Below is the full text of an article by Jim Gibney from today’s Irish News. Those who follow the events unfolding in the Irish peace process know that the future of policing is everything right now. There is a big split between those who are willing to give their support to policing in the hopes that once Sinn Féin is involved, the situation will begin to improve at a much faster pace, and those who feel that an endorsement of policing at this stage (especially before the British has relinquished control) is tantamount to selling out republicanism. Most have mixed emotions, and as Gerry Adams has recently proven by calling for an ard fheis on the subject (to be held later this month), some believe that the time for signing on is now, and will be the next step in furthering the peace process.
Evidence that the leadership of Sinn Féin is set once again to stretch republicans to the outer limits of their commitment to the peace process is very obvious in the proposal that Gerry Adams put to the party’s ard chomairle to hold a special ard fheis on policing and the impressive support he secured from republicans at the meeting from all over the country for his proposal.
To say that the decision taken by the ard chomairle of Sinn Féin was difficult is stating the obvious.
Of all the decisions republicans have taken over the last decade of the peace process this one tugged at every republican fibre, at the core of what it means to be an Irish republican.
Support for Gerry Adams proposal existed for two reasons – the quality of leadership shown by the IRA and Sinn Féin at all levels over the last decade and more and the success of the peace process to date.
Last Friday’s decision has to be viewed against the background of other equally momentous decisions taken by republicans – the willingness of the IRA to call a cessation, to put its arms beyond use and then finally to end its armed campaign.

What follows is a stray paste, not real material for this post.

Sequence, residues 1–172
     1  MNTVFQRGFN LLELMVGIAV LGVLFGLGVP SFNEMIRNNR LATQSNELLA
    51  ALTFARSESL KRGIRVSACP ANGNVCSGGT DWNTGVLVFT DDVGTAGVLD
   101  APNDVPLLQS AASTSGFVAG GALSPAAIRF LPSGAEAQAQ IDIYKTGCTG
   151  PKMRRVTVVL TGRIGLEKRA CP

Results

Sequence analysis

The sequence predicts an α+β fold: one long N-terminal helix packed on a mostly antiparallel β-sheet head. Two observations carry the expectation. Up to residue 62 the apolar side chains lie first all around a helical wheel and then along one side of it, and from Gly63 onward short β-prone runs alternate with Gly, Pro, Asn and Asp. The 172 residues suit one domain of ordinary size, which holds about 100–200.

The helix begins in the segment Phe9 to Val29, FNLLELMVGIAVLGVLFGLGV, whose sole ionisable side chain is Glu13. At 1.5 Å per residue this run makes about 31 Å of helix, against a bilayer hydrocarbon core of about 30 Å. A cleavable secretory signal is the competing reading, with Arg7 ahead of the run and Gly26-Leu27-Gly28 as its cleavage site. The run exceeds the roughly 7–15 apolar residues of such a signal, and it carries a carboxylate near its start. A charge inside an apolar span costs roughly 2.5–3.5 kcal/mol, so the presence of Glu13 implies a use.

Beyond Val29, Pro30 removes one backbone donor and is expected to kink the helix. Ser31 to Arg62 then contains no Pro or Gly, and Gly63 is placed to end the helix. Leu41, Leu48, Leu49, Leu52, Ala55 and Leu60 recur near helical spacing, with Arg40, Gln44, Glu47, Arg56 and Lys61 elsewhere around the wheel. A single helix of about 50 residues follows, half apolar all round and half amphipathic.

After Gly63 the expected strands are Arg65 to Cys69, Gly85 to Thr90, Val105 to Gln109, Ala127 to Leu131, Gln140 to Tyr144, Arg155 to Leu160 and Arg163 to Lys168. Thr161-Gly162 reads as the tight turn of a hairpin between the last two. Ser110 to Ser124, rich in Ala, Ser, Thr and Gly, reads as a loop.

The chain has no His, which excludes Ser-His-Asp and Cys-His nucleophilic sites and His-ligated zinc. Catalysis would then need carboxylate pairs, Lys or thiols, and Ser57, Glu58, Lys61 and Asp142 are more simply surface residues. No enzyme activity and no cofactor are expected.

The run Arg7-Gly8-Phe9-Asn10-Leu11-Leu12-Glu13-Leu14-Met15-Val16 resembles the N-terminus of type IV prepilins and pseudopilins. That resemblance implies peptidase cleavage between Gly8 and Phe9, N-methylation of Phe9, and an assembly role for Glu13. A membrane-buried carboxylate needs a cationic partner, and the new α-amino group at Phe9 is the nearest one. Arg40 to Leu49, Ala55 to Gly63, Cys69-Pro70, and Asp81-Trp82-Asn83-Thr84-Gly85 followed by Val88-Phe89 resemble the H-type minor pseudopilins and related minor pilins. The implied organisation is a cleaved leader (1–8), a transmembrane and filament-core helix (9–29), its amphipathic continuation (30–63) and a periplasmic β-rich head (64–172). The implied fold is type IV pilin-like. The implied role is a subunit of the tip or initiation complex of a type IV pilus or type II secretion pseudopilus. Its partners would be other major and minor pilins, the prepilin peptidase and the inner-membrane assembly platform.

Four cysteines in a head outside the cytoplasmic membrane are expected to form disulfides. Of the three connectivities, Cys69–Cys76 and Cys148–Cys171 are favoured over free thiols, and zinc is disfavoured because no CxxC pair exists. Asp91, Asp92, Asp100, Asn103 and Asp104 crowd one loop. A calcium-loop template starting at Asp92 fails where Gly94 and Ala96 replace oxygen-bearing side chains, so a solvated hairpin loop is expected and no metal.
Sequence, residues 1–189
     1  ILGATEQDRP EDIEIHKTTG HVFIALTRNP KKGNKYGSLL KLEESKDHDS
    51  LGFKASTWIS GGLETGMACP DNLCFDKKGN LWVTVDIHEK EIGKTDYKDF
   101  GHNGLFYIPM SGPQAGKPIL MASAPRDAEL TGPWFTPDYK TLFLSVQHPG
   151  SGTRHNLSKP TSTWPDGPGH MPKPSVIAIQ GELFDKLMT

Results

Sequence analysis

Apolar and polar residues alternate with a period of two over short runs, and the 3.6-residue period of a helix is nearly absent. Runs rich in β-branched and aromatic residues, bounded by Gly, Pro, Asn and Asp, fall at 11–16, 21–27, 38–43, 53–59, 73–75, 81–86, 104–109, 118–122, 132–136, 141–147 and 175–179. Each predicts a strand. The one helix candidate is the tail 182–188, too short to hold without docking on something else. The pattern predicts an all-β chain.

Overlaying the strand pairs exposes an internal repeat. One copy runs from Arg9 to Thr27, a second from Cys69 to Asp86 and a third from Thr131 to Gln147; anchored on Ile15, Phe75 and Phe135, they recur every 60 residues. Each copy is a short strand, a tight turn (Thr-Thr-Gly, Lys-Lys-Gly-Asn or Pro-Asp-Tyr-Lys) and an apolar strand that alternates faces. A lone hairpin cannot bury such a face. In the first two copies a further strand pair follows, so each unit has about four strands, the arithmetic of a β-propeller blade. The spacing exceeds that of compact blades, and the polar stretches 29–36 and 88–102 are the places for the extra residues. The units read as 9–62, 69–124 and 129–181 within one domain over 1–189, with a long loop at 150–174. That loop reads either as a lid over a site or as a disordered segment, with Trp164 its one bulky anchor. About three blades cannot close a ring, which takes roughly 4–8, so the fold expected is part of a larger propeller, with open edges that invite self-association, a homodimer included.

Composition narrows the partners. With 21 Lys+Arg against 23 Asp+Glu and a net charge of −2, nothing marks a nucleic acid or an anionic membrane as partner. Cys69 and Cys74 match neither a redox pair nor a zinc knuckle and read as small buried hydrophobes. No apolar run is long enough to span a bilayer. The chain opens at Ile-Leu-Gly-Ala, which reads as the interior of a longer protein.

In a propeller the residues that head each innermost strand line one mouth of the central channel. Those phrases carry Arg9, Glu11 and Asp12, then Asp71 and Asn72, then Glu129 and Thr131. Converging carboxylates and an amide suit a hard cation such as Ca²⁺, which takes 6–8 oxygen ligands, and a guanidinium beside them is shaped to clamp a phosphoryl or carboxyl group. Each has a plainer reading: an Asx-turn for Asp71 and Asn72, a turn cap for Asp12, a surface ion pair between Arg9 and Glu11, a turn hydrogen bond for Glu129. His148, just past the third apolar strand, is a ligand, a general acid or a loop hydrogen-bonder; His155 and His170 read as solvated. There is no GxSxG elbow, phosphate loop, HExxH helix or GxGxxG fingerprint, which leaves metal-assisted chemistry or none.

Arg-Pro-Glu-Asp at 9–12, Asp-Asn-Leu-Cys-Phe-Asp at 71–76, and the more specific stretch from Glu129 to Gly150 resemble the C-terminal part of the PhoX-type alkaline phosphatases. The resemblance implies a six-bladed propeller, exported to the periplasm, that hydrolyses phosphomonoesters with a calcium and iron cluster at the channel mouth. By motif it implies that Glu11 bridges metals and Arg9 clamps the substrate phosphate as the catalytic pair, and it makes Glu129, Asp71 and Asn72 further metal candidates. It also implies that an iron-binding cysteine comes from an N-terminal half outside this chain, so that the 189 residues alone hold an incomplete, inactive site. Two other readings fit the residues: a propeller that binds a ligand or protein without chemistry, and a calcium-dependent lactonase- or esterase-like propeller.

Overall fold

The numerous decisions by Sinn Féin to encourage the IRA’s initiatives and to encourage sceptical republicans to also do so.
The decision by Sinn Féin to change its constitution to participate in a northern administration.
For many of those who took the decision on policing at last Friday’s meeting it will have been personally emotional.
They would have known IRA volunteers killed by the crown forces, especially the RUC. They know many of the hundreds of families whose loved ones lie in graves all over this country as a result of collusion between the RUC and loyalists. They know people who were tortured in interrogations centers by RUC personnel, people who spent years behind bars, many as a result of confessions beaten out of them by the RUC.
They will also know the history of the RUC and the B Specials and the role both these forces played in suppressing the nationalist people of the six counties and denying the people of this island their right to national independence.
They also know that making peace is about having the ability on special occasions like now to step outside these personal and political realities.
To step into the shoes of those from the other side who were also hurt in this conflict, hurt by republicans.
To put the needs of the peace process first before one’s personal and community experience.
It is these qualities of leadership which led Gerry Adams to put the policing proposal and for it to be backed by republicans.
In a statement released after the ard chomairle meeting Gerry Adams said that “profound changes had been secured” in intensive negotiations with the British government. These changes allowed him to bring forward the motion for a special Ard Fheis on policing.
These changes include commitments to the devolution of policing and justice to the assembly, support for police services An Garda Siochana and the PSNI and the criminal justice system, appointing Sinn Féin representatives to the policing board and the district policing partnerships to secure fair, impartial and effective policing with the community, hold the police and criminal justices systems fully to account both democratically and legally and to actively encourage everyone in the community to cooperate fully with the police services.
Sinn Féin also committed to ensuring human rights and equality at the heart of any new policing arrangements. They restated their opposition to MI5’s involvement in policing, to plastic bullets and to root out those in the PSNI guilty of human rights abuses.
This is Sinn Féin’s stall. Republicans are making it clear they are ready and capable of crossing over the line to support new policing arrangements – a truly incredible turn of events.
Ian Paisley said he is a man of plain words. Nationalists now need to hear these plain words committing his party to restoring and working the Good Friday Agreement’s democratic institutions.
Sinn Féin has shown it is up to the challenges of peace making.
Is Ian Paisley? Is the DUP?